The quantity of heat required to raise the temperature of one pound of water by one degree Fahrenheit.
Completion
The process of treating a drilled well followed by the installation of permanent equipment for the production of natural gas or oil, or in the case of a dry hole, the reporting of abandonment to the appropriate agency.
Crude oil
Liquid hydrocarbons retrieved from geological structures underground to be refined into fuel sources.
Finding and development costs
Capital costs incurred in the acquisition, exploitation and exploration of proved oil and natural gas reserves divided by proved reserve additions and revisions to proved reserves.
Gross acres or gross wells
The total acres or wells, as the case may be, in which a working interest is owned.
Horizontal drilling
A drilling technique used in certain formations where a well is drilled vertically to a certain depth and then drilled at a right angle with a specified interval.
Horizontal wells
Wells drilled directionally horizontal to allow for development of structures not reachable through traditional vertical drilling mechanisms.
Mcf
Thousand cubic feet of natural gas.
Mcf/d
Mcf per day.
Mineral interests
The interests in ownership of the resource and mineral rights, giving an owner the right to profit from the extracted resources.
MMBtu
Million British Thermal Units.
Net acres or net wells
The sum of the fractional working interest owned in gross acres.
Oil and natural gas properties
Tracts of land consisting of properties to be developed for oil and natural gas resource extraction.
Play
A set of discovered or prospective oil and/or natural gas accumulations sharing similar geologic, geographic and temporal properties, such as source rock, reservoir structure, timing, trapping mechanism and hydrocarbon type.
Plugging and abandonment
Refers to the sealing off of fluids in the strata penetrated by a well so that the fluids from one stratum will not escape into another or to the surface. Regulations of all states require plugging of abandoned wells.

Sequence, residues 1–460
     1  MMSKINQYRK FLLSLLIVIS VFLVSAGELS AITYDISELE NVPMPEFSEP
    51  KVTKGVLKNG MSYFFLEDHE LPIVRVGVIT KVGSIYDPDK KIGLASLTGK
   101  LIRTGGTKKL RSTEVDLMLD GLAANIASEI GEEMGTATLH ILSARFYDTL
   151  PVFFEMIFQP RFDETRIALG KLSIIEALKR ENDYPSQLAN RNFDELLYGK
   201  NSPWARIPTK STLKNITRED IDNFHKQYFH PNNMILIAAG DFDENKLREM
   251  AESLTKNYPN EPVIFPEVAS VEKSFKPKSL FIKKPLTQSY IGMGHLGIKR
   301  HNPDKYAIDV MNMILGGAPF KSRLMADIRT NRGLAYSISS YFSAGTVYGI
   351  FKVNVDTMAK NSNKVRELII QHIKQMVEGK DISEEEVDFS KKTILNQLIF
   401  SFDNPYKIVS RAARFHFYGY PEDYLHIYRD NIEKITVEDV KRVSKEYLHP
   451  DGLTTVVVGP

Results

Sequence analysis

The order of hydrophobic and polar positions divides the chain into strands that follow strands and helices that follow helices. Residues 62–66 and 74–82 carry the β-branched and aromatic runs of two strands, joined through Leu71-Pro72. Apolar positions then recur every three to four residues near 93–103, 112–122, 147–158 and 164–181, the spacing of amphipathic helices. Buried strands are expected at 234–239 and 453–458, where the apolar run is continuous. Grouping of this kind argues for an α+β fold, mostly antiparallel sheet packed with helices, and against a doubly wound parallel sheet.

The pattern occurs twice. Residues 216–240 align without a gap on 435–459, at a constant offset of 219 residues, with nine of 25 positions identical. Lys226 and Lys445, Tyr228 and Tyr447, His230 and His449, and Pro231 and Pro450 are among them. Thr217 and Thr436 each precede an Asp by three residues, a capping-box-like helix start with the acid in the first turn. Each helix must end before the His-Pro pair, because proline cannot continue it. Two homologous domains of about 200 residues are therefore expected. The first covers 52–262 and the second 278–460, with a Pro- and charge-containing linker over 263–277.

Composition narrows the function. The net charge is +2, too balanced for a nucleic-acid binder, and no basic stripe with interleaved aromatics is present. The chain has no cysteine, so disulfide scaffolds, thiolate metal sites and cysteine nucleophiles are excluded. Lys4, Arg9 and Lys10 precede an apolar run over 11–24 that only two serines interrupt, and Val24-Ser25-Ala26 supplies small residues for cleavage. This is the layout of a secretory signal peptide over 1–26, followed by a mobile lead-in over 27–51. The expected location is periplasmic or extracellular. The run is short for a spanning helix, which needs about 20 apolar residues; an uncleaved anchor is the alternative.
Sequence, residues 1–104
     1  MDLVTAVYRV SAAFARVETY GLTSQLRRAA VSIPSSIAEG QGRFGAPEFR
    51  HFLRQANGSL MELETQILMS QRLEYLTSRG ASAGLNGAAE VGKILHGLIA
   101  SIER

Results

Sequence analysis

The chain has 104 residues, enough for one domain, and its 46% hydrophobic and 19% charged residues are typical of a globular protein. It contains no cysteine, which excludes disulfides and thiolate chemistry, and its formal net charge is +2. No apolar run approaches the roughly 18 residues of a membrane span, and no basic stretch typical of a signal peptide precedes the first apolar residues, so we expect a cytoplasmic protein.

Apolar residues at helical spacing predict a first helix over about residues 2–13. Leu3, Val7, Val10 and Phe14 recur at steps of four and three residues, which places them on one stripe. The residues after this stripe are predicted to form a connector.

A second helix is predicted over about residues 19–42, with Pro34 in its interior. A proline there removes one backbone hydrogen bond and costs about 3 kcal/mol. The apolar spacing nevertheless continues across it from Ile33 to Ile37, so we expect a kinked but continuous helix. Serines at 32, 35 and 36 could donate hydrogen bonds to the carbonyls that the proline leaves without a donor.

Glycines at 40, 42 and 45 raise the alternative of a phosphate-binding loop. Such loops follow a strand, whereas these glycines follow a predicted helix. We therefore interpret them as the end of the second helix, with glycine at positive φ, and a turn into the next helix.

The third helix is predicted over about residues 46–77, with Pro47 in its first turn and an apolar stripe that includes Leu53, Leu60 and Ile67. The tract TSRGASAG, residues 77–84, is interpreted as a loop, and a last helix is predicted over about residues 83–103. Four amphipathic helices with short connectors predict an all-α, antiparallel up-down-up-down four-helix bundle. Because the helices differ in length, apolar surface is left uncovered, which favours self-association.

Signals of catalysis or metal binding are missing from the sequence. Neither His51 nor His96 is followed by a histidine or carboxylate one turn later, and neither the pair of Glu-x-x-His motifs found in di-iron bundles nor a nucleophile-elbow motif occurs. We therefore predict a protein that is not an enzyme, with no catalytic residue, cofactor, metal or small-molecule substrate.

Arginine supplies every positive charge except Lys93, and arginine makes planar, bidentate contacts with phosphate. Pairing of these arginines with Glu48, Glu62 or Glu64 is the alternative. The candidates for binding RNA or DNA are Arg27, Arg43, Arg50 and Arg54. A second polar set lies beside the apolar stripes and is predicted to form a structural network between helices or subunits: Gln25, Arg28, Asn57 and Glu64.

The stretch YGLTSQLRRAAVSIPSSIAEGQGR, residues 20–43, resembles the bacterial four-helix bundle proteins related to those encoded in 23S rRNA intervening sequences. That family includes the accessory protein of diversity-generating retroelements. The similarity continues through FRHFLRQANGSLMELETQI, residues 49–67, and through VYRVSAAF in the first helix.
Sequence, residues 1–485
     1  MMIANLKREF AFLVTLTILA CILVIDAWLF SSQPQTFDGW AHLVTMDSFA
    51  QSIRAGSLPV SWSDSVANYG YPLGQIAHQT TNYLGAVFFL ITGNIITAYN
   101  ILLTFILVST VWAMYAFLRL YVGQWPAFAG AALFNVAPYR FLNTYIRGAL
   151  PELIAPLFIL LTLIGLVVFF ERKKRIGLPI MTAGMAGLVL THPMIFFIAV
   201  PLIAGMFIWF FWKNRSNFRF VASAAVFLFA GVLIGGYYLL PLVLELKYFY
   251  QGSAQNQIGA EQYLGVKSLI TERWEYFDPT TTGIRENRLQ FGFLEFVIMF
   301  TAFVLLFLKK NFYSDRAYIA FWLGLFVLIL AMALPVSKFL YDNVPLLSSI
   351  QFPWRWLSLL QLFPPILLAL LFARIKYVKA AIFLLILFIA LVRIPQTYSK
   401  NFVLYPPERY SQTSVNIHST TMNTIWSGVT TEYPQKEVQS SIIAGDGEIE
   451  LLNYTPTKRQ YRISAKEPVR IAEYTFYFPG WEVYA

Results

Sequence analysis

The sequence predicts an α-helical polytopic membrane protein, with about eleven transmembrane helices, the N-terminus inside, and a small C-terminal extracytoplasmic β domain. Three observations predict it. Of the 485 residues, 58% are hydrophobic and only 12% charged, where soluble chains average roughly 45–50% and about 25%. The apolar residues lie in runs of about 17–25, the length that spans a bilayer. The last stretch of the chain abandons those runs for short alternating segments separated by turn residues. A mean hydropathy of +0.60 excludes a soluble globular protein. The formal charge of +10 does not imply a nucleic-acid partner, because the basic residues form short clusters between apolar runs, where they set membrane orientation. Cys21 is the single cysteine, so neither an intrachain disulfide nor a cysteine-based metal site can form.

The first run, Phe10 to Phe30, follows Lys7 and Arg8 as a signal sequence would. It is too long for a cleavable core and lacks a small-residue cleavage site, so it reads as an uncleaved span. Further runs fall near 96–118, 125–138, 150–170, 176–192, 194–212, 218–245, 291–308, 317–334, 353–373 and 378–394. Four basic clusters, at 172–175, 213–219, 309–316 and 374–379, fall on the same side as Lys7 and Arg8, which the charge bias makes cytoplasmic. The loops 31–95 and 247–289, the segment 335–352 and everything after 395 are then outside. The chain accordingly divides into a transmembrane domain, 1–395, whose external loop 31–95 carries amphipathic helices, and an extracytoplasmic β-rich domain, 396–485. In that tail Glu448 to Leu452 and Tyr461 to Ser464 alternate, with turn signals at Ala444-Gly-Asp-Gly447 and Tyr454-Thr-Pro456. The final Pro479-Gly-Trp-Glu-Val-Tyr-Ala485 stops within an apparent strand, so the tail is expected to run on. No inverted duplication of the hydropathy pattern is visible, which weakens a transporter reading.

Prospect
A specific geographic area which, based on supporting geological, geophysical or other data and also preliminary economic analysis using reasonably anticipated prices and costs, is deemed to have potential for the discovery of commercial hydrocarbons.
Proved reserves
The estimated quantities of oil, natural gas and natural gas liquids which geological and engineering data demonstrate with reasonable certainty to be commercially recoverable in future years from known reservoirs under existing economic and operating conditions.
Reserves
The estimated remaining quantities of oil and natural gas and related substances anticipated to be economically producible, as of a given date, by application of development projects to known accumulations. In addition, there must exist, or there must be a reasonable expectation that there will exist, the legal right to produce or a revenue interest in the production, installed means of delivering oil and natural gas or related substances to the market and all permits and financing required to implement the project. Reserves are not assigned to adjacent reservoirs isolated by major, potentially sealing, faults until those reservoirs are penetrated and evaluated as economically producible. Reserves should not be assigned to areas that are clearly separated from a known accumulation by a non-productive reservoir (i.e., absence of reservoir, structurally low reservoir or negative test results). Such areas may contain prospective resources (i.e., potentially recoverable resources from undiscovered accumulations).